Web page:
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Book Review

Publisher's Note:

China,1898. Bands of foreign missionaries and soldiers roam the countryside, bullying and robbing Chinese peasants. Little Bao has had enough. Harnessing the powers of ancient Chinese gods, he recruits an army of Boxers - commoners trained in kung fu who fight to free China from "foreign devils." Against all odds, this grass-roots rebellion is violently successful. But nothing is simple. Little…


by Gene Luen Yang

Overall Book Review:

Gene Luen Yang’s simple artwork and poignant writing style combine to tell the little-known story of the Chinese Boxer Rebellion in a unique and moving way. This story is violent, but Yang’s gift of storytelling with images and words portrays wartime cruelties in a sensitive way. Readers may feel disturbed by the story, but these are not images that linger or damage; rather, they convey difficult ideas and events with true grace.

Don’t miss Boxers’ companion novel, Saints, to learn the other side of the story. With this alternate viewpoint, we learn that there are no winners in war. Boxers and Saints is a bleak look at religious fervor and the lasting damage it can inflict. 

Content Analysis:

Profanity/Language:  None

Violence/Gore:  Characters slap each other on the face and head (10 times); characters punch each other in the face (2 times); characters tussle and fight with no injuries or minor injuries (2 times); a character returns from a trip with a bloody face; a character is held at gunpoint; characters’ homes are destroyed by a flood; characters are hit in the head with small rocks to get their attention (4 times); characters practice Kung Fu on each other (3 times); a character is kicked in the head with no injury (2 times); arsonists burn homes as punishment to lawbreakers; a character is struck in the back with a stick; soldiers carry a rebel’s head on a pike from town to town; in several extended scenes (3-6 pgs), characters fight, blood is spilt, characters are pictured dead in pools of blood, and bloody swords are shown (7 times); a sword comes down to kill a character (out of frame); a character scratches another character’s face;; a character is pistol whipped; a character is killed with a bloody sword slash to the neck; characters frequently refer to alleged practices of their enemies, including grinding up of human eyeballs for medicine and the use of menstrual blood in war rituals; a person is stabbed to death; a character is shown run through on a pike; a character is poisoned to death; a character is held at knife-point; a character comes out of an alleyway alone with a bloody sword, implying that he killed another character; a character is killed by an arrow to the head; characters set fire to a building filled with people (4 pgs); characters are found dead in pools of blood; bloodstains are seen on the ground; a character is found badly beaten and cut; a story is told in which a character martyrs herself and donates her eyes and hands to a loved one; several people are shot to death; a city is destroyed by fire; a character has his head held under water; a building on fire collapses–a character is known to have been inside; in an extended scene (4 pgs), several characters are shot to death and are shown lying in a pool of blood.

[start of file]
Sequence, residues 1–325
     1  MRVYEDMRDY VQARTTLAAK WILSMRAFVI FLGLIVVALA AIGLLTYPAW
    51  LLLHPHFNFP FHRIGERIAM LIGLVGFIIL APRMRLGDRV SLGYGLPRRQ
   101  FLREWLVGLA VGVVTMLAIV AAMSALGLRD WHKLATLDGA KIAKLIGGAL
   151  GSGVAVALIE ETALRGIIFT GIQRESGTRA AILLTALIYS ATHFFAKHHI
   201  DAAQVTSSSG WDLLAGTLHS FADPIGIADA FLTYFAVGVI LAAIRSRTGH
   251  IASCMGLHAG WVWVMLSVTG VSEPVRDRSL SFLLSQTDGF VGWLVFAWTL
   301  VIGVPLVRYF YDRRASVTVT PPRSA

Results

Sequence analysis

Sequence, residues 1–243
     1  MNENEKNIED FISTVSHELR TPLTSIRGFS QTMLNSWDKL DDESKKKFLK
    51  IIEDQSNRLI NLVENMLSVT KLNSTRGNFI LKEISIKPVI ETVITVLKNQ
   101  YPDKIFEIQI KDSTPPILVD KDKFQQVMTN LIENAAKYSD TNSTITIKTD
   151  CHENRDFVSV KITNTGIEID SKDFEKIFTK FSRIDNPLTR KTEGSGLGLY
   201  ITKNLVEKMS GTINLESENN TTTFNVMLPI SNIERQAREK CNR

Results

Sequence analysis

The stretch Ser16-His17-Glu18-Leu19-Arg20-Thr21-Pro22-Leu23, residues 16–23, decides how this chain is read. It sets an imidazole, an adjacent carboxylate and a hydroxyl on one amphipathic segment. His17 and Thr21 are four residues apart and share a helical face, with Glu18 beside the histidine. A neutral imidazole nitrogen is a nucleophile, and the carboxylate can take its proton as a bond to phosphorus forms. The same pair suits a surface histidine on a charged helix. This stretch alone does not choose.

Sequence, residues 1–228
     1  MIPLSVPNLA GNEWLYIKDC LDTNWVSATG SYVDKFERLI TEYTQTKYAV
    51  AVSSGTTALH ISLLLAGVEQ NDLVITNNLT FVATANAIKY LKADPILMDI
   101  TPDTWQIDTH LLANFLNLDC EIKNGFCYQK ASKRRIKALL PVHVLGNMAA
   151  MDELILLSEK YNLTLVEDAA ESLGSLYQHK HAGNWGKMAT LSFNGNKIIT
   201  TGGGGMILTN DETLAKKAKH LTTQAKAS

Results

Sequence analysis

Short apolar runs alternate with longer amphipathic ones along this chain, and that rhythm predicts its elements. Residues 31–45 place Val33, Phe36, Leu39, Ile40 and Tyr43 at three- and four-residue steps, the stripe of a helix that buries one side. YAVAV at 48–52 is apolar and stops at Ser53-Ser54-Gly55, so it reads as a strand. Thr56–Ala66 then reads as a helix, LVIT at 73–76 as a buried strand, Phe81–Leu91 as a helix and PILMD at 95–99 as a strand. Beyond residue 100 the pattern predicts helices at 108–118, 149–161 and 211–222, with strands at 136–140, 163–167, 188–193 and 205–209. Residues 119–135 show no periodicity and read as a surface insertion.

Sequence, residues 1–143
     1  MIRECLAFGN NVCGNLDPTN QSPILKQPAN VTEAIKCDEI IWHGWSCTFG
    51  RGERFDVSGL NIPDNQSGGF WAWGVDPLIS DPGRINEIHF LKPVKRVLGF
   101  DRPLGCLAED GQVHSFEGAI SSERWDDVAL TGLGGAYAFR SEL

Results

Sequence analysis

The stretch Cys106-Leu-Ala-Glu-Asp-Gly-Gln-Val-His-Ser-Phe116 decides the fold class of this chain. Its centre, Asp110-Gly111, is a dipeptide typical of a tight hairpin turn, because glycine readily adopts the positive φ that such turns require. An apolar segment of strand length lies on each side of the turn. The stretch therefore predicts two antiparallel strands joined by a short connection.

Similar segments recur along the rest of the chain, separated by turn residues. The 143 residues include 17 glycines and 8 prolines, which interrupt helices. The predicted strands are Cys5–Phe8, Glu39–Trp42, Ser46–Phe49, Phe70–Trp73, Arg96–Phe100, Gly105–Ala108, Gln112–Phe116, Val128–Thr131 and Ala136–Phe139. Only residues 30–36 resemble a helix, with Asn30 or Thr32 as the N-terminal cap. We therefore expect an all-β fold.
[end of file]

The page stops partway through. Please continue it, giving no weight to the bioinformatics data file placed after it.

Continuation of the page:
Sex/Nudity:  Characters hold hands; characters hug briefly; a character kisses another character on the cheek; two characters kiss briefly; a character thinks about women; characters are admonished not to think about women; a sexual allusion is made.

Mature Subject Matter:

Gambling, death of family members, political intrigue, war, natural disasters (flood and famine).

Alcohol / Drug Use:

A character is known to be a “drunk.”

Overall Book Rating

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About the Reviewer

I’ve been an avid reader for as long as I can remember. My mother would often find me curled up in a corner, avoiding chores with a book–or two. When I was growing up, there wasn’t a large selection of YA books. I had children’s books and adult literature to choose from. I’ve come to love YA fiction as an adult and read almost nothing else when I read for pleasure–any genre will do.